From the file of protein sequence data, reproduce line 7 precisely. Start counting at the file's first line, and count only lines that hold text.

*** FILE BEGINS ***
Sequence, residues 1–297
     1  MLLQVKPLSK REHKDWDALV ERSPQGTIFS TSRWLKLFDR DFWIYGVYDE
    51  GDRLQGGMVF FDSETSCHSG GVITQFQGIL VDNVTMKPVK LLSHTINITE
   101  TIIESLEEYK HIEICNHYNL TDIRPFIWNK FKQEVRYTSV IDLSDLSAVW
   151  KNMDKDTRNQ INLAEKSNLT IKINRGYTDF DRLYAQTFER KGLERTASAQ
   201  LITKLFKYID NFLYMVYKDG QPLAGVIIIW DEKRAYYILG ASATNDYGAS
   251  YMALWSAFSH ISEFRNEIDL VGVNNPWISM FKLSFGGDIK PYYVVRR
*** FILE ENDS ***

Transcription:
   251  YMALWSAFSH ISEFRNEIDL VGVNNPWISM FKLSFGGDIK PYYVVRR